The next pitched battle for Remainers will be retaining British membership of the single market. The Stronger In group, which ran the official Remain campaign, has now morphed into Open Britain, with single market membership the centrepiece.

Direction of travel

If Davis, who was flanked in parliament by fellow Brexiteers foreign secretary Boris Johnson and trade minister Liam Fox, has his way then it seems almost certain that Britain will leave the single market.

“This government is looking at every option, but the simple truth is that if a requirement of membership is giving up control of our borders I think that makes it very improbable,” he said

It took less than 24 hours for prime minister Theresa May to disown this position. “He is setting out his opinion. A policy tends to be a direction of travel, saying something is probable or improbable is not policy,” May’s spokeswoman told reporters on Tuesday (6 September) when asked if Davis was expressing a government policy.

The clarity on the government’s negotiating strategy will have to emerge sooner rather than later. But the train only has one destination.

Benjamin Fox, a former reporter for EUobserver, is a consultant with Sovereign Strategy, a London-based PR firm, and a freelance writer.

Column / Brexit Briefing

UK cannot have and eat EU cake

The UK’s two main demands: migration control and single market access are irreconcilable. Something will have to give.

US and Japan warn UK on EU trade

Washington and Tokyo say trade relations with the EU are more important to them than those with Britain in the context of Brexit.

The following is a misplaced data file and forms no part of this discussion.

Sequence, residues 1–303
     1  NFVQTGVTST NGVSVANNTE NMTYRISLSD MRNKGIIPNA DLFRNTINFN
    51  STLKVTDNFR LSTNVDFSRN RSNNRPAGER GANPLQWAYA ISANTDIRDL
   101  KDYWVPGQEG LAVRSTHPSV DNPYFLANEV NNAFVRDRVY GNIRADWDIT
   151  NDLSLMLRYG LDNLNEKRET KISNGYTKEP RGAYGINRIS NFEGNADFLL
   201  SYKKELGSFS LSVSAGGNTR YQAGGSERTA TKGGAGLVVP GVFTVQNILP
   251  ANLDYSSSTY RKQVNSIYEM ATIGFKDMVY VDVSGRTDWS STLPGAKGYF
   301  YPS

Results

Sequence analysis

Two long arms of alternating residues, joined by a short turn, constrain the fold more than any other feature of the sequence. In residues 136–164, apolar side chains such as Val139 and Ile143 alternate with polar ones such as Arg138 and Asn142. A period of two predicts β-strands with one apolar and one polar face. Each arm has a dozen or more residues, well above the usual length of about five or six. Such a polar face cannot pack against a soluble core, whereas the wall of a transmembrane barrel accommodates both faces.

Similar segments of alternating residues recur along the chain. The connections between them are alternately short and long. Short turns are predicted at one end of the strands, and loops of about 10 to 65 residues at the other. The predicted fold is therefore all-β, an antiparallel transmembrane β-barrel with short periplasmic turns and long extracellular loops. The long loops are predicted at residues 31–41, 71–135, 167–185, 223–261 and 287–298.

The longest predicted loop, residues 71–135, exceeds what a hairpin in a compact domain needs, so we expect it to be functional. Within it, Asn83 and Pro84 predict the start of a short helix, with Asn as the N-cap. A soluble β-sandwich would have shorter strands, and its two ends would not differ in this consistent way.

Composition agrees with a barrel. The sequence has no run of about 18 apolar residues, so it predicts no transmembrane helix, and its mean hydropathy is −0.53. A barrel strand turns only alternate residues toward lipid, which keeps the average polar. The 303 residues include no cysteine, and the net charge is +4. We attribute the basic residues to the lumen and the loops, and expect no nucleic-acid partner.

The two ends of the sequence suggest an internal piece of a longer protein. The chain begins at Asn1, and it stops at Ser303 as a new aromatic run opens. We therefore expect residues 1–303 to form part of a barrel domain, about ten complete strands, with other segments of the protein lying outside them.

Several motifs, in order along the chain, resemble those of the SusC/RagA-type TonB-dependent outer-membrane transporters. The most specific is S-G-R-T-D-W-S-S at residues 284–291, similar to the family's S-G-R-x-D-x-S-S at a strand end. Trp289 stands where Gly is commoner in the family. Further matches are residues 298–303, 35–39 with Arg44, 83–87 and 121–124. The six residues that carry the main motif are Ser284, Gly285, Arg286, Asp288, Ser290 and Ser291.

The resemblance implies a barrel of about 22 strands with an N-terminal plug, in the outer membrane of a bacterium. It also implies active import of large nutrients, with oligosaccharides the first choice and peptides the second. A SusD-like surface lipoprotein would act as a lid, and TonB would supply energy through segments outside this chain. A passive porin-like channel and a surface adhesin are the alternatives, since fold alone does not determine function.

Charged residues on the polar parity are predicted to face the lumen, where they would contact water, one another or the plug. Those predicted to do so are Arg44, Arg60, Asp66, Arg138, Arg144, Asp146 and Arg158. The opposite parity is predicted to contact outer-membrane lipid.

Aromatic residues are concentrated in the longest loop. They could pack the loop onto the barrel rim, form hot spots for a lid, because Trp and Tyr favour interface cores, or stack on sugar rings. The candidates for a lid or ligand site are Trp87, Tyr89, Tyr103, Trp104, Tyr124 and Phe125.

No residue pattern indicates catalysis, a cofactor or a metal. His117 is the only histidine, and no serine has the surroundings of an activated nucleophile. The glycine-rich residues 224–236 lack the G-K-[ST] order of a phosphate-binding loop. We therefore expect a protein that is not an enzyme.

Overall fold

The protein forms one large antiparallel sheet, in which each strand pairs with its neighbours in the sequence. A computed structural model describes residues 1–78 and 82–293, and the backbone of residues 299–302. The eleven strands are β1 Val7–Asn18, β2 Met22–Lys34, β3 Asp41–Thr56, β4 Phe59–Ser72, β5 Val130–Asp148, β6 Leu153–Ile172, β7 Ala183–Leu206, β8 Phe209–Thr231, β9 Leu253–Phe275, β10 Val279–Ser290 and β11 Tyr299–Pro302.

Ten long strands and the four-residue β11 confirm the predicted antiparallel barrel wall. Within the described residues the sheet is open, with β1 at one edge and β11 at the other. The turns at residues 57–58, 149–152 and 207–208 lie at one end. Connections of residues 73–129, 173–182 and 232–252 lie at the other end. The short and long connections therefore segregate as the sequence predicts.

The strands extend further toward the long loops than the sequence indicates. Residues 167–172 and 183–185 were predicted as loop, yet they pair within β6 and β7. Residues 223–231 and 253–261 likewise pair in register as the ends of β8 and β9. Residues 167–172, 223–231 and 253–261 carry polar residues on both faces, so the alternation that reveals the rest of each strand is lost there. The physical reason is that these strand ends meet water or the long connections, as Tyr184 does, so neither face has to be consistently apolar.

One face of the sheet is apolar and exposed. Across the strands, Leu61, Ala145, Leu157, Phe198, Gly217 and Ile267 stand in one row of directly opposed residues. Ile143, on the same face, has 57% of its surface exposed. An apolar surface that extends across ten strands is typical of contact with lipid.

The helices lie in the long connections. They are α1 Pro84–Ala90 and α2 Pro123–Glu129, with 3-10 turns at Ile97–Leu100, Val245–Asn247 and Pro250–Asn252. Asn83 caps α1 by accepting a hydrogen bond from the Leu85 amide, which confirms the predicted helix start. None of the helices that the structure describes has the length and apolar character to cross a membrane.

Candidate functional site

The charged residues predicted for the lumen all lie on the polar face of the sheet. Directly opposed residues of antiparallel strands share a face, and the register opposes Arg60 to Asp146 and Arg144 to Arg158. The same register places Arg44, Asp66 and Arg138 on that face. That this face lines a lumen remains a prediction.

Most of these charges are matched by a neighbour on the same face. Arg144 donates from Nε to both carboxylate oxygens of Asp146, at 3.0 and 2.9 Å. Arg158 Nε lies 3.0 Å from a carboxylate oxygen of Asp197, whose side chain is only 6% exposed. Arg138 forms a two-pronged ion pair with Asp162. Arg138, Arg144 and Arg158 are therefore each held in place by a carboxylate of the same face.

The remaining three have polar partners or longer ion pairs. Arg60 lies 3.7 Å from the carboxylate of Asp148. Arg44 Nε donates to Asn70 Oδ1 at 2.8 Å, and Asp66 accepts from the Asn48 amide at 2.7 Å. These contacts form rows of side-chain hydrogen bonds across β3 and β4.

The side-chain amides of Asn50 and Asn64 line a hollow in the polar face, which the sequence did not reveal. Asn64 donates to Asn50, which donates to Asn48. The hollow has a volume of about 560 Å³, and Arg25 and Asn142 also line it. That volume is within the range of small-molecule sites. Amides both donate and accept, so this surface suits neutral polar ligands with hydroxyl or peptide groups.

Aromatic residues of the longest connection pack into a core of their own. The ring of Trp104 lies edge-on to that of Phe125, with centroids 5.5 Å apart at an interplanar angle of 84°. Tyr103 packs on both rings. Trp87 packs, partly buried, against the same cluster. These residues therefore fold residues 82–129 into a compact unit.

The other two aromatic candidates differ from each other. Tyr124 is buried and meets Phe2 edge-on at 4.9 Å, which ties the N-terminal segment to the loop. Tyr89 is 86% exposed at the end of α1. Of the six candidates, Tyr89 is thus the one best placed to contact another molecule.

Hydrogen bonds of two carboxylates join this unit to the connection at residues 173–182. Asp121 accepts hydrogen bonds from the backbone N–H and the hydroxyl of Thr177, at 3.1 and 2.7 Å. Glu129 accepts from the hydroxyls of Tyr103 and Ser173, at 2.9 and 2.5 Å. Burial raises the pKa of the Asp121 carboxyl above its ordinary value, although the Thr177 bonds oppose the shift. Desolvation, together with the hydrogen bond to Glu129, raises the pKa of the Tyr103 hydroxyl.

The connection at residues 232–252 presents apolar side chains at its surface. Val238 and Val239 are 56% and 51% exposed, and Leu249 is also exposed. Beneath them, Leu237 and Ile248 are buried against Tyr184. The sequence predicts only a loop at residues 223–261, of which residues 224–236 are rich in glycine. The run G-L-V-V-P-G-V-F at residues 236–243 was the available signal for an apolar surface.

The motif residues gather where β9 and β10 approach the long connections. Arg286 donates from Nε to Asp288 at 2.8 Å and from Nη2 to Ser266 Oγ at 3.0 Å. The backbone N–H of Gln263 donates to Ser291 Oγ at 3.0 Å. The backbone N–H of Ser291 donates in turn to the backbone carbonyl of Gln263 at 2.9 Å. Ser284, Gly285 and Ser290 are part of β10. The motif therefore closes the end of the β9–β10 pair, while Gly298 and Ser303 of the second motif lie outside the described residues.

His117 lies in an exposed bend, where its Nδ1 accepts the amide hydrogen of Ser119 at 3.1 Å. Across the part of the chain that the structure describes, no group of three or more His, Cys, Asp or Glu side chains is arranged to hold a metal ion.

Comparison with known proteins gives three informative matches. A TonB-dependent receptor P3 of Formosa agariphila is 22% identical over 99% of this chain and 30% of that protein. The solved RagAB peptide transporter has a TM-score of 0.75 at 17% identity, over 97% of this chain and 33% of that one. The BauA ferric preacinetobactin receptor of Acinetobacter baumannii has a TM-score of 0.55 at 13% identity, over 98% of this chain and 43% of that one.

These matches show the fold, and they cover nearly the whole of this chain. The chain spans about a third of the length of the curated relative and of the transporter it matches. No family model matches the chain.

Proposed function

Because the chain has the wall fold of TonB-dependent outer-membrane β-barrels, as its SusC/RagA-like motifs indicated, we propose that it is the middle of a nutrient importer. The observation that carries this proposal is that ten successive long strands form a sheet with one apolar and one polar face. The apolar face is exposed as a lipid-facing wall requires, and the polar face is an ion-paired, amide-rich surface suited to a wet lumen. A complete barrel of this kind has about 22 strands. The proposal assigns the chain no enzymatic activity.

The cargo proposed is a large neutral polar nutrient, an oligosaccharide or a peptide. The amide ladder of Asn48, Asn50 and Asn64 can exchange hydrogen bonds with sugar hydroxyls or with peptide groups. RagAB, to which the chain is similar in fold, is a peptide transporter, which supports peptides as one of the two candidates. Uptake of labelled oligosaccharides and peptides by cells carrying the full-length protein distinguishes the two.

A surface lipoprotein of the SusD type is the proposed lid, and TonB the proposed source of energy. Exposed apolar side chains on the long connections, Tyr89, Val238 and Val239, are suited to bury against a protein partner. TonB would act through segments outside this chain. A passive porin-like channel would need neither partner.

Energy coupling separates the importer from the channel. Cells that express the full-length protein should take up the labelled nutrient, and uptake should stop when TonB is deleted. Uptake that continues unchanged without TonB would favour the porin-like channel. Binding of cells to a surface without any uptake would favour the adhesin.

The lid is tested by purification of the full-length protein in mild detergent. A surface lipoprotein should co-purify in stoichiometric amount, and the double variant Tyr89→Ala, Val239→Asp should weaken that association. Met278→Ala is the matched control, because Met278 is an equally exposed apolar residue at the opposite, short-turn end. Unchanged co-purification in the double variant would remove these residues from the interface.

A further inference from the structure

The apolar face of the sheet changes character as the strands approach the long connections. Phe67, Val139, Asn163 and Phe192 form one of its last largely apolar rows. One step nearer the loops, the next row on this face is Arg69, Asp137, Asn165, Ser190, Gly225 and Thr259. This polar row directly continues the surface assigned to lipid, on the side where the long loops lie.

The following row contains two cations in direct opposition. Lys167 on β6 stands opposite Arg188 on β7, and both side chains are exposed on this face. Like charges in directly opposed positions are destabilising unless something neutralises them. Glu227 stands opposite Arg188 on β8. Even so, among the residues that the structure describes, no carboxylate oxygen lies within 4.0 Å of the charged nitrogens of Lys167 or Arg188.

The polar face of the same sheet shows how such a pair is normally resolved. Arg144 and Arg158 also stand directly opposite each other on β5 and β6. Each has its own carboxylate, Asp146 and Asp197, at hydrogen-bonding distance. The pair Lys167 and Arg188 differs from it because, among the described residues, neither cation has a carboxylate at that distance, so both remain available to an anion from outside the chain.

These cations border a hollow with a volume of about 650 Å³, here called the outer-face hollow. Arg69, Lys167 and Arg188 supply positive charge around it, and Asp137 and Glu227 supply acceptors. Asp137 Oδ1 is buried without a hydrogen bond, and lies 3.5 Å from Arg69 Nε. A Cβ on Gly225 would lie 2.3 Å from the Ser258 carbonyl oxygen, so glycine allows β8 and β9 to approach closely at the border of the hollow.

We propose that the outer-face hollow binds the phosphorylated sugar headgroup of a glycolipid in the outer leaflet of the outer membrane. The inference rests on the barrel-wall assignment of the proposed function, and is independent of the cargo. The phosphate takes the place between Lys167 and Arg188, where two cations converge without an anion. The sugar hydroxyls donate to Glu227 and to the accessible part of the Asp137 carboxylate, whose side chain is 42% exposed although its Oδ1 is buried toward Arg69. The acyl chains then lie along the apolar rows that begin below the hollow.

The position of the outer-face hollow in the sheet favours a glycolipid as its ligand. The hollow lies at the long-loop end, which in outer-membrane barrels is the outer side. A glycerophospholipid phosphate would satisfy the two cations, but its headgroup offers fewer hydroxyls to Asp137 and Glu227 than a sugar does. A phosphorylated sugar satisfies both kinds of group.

Column / Brexit Briefing

Brexit: preparing for a bitter divorce

Conservatives Brexiteers and Labour leadership are increasingly leaning away from the Norwegian-style deal with the EU, towards a UK-specific arrangement.

Column / Brexit Briefing

Post-Brexit party games

The British party conference season has started, with Labour re-electing its leader but staying ambivalent on EU relations.

Column / Brexit Briefing

May's drive for one-party Brexit state

Snap election will kill off attempts to reopen debate on second referendum and inflict further damaged on confused opposition.

Stakeholders' Highlights

  1. Nordic Council of MinistersDeveloping Independent Russian-Language Media in the Baltic Countries
  2. Swedish EnterprisesReform of the European Electricity Market: Lessons from the Nordics, Brussels 2 May
  3. Malta EU 2017Green Light Given for New EU Regulation to Bolster External Border Checks
  4. Counter BalanceCall for EU Commission to Withdraw Support of Trans-Adriatic Pipeline
  5. ACCAEconomic Confidence at Highest Since 2015
  6. European Federation of Allergy and Airways60%-90% of Your Life Is Spent Indoors. How Does Poor Indoor Air Quality Affect You?
  7. European Gaming and Betting AssociationCJEU Confirms Obligation for a Transparent Licensing Process
  8. Nordic Council of MinistersNordic Region and the US: A Time of Warlike Rhetoric and Militarisation?
  9. European Free AllianceEFA MEPs Vote in Favor of European Parliament's Brexit Mandate
  10. Mission of China to the EUXinhua Insight: China to Open up Like Never Before
  11. World VisionViolence Becomes New Normal for Syrian Children
  12. International Partnership for Human RightsTime to Turn the Tide and End Repression of Central Asia's Civil Society

Latest News

  1. France holds nail-biting 'anti-system' vote
  2. Le Pen-Putin friendship goes back a long way
  3. Mogherini should tell Russians their rights matter
  4. Le Pens Freunde aus dem Trump Tower
  5. Sexe et mensonges: l'information russe sur l'UE
  6. Report: Post-Brexit payments, ECJ jurisdiction could last years
  7. Oxford study raises alarm on 'junk' news in France
  8. Thousands to march in defence of science